separate the diffusion of sound from the diffusion of the image. It is impossible to break up the "experience flows" or even resist the process of integration. All efforts should be directed instead at antitrust policies of a horizontal type, that is, those that while acknowledging the oneness of the informational experience, limit its quantity to minimum thresholds and do this so strictly as to stimulate an increase in the number of producers and therefore in the sources of information, creating a market in which competition is as effective as possible. Both the Left and the Right, and not only in Italy, lack a consistent policy on freedom of communication. They continue to reason with the old logic of the contrast between the public and the private. Those on the Right confuse "freedom" with “Absolutely handsfree”, even if this leads to concentration of information and opacity, and they tend to use this particular "commodity" (information) for blatantly irrelevant purposes. Those on the Right confuse the market with the absolute absence of rules. Inconsistent with the ideas they profess, they aim at low or no level of competition and, at the same time, at substantial public funding. The Left still champion the ancient conviction, disproved by the facts, that pluralism can be maintained by the public sector. As if the public sector were neutral and not the "actor" making a variety of choices and representing its own self-interest. As if objective information could exist. As if the problem were ensuring this objectivity. As if it were enough to release the media from the "private" sector to elevate them as the exclusive font of who knows what Truth that would be otherwise distorted by self-interest and partisan choices. As if the news were not always “partisan.” The Left with Communist origins does not know how to respond to these questions and in the end “public” boils down to mean the coarse lottazzazione, the partitioning of posts in state conglomerates among trusted party members. When will the Left understand that the task of the state is not to provide news that is passed off as objective, but to ensure the effective diversity of information sources? Moving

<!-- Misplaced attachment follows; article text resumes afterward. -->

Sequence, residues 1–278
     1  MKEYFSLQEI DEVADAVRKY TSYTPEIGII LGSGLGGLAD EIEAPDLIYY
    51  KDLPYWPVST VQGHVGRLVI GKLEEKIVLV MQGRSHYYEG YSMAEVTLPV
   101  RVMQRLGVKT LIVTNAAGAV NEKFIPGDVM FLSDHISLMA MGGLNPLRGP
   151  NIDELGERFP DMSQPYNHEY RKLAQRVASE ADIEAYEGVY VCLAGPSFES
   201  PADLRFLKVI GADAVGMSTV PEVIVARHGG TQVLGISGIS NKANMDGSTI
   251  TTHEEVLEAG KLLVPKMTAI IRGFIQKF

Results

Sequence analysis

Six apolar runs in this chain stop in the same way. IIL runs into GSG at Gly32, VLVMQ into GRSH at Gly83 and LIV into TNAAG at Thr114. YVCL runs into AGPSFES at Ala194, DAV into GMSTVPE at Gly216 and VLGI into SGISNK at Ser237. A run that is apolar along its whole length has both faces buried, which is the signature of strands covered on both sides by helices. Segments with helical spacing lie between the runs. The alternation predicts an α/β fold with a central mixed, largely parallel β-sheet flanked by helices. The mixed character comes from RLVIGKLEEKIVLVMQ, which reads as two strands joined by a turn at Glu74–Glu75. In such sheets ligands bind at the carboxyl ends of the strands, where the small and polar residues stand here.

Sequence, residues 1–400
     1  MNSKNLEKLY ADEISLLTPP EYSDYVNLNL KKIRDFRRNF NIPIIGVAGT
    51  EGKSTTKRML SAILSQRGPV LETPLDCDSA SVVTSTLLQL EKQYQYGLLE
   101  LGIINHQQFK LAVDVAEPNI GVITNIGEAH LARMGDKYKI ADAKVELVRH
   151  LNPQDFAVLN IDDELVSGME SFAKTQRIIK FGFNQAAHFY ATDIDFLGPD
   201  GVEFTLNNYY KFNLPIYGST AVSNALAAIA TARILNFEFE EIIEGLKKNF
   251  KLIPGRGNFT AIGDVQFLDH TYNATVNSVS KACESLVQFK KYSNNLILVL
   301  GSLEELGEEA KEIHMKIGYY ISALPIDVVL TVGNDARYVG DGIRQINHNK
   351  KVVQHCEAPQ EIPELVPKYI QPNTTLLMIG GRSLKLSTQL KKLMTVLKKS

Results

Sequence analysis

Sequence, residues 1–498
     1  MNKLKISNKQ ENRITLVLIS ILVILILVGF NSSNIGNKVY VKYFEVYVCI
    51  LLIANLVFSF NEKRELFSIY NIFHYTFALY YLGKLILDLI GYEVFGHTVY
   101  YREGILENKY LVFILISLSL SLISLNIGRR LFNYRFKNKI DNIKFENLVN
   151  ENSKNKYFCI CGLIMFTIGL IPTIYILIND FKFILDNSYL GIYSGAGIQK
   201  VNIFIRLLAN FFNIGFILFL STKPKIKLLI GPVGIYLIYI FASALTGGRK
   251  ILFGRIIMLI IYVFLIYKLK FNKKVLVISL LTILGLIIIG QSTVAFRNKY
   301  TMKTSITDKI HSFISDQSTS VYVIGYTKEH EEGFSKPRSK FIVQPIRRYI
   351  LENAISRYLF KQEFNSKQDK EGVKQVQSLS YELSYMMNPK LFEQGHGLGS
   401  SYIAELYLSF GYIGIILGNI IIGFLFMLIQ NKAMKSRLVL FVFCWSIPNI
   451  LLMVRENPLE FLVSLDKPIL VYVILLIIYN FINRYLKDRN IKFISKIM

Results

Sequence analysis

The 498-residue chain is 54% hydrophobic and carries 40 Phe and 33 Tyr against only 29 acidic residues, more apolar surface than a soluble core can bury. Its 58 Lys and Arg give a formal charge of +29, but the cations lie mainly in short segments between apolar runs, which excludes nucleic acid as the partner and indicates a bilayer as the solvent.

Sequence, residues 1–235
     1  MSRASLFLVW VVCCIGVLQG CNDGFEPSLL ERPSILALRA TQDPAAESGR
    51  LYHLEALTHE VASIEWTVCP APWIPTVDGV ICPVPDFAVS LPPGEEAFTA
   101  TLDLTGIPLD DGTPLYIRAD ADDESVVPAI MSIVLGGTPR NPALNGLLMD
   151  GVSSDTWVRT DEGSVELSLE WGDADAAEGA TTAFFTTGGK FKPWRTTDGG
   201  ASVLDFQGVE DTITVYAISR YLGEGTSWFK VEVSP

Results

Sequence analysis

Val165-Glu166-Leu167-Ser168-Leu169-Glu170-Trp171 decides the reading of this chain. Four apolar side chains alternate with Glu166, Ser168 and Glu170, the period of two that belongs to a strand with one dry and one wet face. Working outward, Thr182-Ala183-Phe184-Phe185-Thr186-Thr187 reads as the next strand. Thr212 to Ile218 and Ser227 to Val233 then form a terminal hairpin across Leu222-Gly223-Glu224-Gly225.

4. the relevance and the revolution of the new media